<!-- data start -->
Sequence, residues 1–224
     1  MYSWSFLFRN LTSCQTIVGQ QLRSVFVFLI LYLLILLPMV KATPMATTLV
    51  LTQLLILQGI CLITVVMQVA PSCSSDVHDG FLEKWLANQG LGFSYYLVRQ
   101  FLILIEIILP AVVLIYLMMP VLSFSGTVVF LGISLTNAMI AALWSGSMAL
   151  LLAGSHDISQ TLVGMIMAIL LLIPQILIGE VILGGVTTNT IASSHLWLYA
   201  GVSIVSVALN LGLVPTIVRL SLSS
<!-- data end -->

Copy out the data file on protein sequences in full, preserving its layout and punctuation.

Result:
Sequence, residues 1–224
     1  MYSWSFLFRN LTSCQTIVGQ QLRSVFVFLI LYLLILLPMV KATPMATTLV
    51  LTQLLILQGI CLITVVMQVA PSCSSDVHDG FLEKWLANQG LGFSYYLVRQ
   101  FLILIEIILP AVVLIYLMMP VLSFSGTVVF LGISLTNAMI AALWSGSMAL
   151  LLAGSHDISQ TLVGMIMAIL LLIPQILIGE VILGGVTTNT IASSHLWLYA
   201  GVSIVSVALN LGLVPTIVRL SLSS